Historic Ladies’ Literary Clubhouse in Salt Lake City win $150,000 in online contest for preservation funds

(Francisco Kjolseth | The Salt Lake Tribune) Since 2016, the historic Ladies Literary Club House building at 850 E South Temple has been owned by a group of millennial visual artists and entrepreneurs, known as Photo Collective Studios. They've renovated the building and are now seeking a grant to make it ADA accessible for the first time in its 106-year history. To publicize their cause, on Tuesday, Sept. 24, 2019, they opened their refurbished building to tours.

The elegant Ladies’ Literary Clubhouse on South Temple in Salt Lake City, built in 1913 to host readings, recitals and parties, received a $150,000 grant after online voting for the Partners in Preservation campaign.

The money will go toward restoring the sinking front porch and stairs; the addition of an Americans with Disabilities Act-compliant wheelchair ramp; and preserving the building for future generations, according to Partners in Preservation.

The Salt Lake structure is one of 13 sites across the nation that will share $2 million in grants from the National Trust for Historic Preservation and American Express. This year, Partners for Preservation is celebrating women’s history in honor of the upcoming 100th anniversary of the ratification of the 19th Amendment.

More than 1.1 million votes were cast online and at on-site events at the various sites; organizers did not announce vote tallies.

The current owners of the building — a group of millennial visual artists and entrepreneurs known as Photo Collective Studios — vowed in their entry that the Clubhouse on South Temple would become “truly accessible to all communities for the first time in its history” if it won a grant.

At a September event at the clubhouse to launch the bid, Salt Lake City Mayor Jackie Biskupski underscored the importance of preserving and improving the building, as a way of recognizing the important role women have played in the state’s history.

“These women were Utah’s first suffragettes. They fought for the right to vote, worked for civic causes and enriched Salt Lake City,” Biskupski said of club members. “They were women with a vision of society where equality was a given, not the exception.”

She said the foundation laid by the Ladies’ Literary Club “is in part the reason why I stand here today as Salt Lake City’s mayor.”

Biskupski urged residents to support the grant request, which she said would open the site up to “use and enjoyment for all.”

The Prairie-style building at 850 E. South Temple was listed on the National Register of Historic Places in 1978. It was donated to the Utah Heritage Foundation by the literary club in 2013. Three years later, the foundation sold it to the Photo Collective Studios.

Collective leader and building co-owner Dave Brewer said efforts to make the clubhouse accessible would seek to minimize any impact on its historic elements, including its South Temple-facing facade.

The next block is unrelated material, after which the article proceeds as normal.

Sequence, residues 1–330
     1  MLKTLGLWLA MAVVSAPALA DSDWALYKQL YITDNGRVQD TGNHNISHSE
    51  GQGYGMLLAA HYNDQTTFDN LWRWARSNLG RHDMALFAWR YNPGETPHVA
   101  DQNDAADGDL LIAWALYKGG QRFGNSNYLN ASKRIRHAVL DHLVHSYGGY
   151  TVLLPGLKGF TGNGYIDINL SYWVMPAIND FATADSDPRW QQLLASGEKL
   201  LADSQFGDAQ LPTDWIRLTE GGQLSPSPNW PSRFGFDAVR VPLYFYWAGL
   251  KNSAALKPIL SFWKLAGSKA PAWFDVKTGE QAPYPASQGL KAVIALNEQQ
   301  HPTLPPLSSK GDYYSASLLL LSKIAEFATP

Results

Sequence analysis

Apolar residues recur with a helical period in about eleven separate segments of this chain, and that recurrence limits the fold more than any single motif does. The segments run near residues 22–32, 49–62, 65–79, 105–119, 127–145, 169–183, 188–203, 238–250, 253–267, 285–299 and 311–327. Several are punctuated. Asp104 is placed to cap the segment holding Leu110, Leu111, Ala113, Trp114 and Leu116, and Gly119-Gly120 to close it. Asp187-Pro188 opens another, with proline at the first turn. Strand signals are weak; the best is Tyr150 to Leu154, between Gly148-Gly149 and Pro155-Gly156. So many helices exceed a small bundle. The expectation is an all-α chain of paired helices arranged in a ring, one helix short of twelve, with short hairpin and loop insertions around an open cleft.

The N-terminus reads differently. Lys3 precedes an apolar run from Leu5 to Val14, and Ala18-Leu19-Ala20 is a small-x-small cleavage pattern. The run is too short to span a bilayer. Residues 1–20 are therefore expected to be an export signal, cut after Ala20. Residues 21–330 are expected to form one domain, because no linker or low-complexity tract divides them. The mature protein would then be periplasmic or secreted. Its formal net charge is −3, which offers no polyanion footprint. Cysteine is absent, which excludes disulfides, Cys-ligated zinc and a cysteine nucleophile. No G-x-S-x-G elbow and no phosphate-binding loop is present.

Since taking over the clubhouse in 2016, the collective has done extensive interior renovations, he said. “We are honored to be here as stewards of this historic property,” said Brewer. “For safety and access, the time has come” to improve the building.

The Partners in Preservation partnership, created in 2006 to engage the public in preserving historic places, has provided more than $28 million for 260 historic sites across the country, the news release said. The specific Main Streets program is in its third year.

The other sites that shared in the grant money are: Janesville Women’s Club Building (Janesville, Wisc.); Juliette Gordon Low’s birthplace (Savannah, Ga.); the Odd Fellows Building (Astoria, Ore.); Chester County Historical Society (West Chester, Penn.); Monroe County Courthouse (Monroeville, Ala.); Holly Union Depot (Holly, Mich.); Casa Belvedere (Staten Island, N.Y.); Union Block (Mount Pleasant, Iowa); Dr. Justina Ford home, Lake Erie College Hall (Painesville, Ohio); Elisabet Ney Museum (Austin, Texas); The Women Club (Minneapolis).

Each site received $150,000; Union Block won an additional $50,000 for having the most in-person votes at its open house event.

The Ladies’ Literary Clubhouse entry reads:

The oldest women’s club west of the Mississippi River was established in 1877 in Salt Lake City, Utah. The Ladies’ Literary Club (LLC) sought education in history, science, arts, literature, and current events before academic opportunities were readily available to women. By organizing study sections, lectures, and social events, the club promoted a non-religious counterculture in an otherwise conservative state. In 1913, the LLC commissioned an architectural masterpiece in the likeness of Frank Lloyd Wright’s Prairie School style, a building that became known as “the House that the Women Built.”

Situated on Utah’s most historically significant boulevard, the Clubhouse on South Temple Street proudly stands more than 100 years later as a creative venue for performing arts and education. Grant funding will help restore the sinking front porch and stairs with the addition of an [Americans with Disabilities Act] wheelchair ramp, making the Clubhouse truly accessible to all communities for the first time in its history.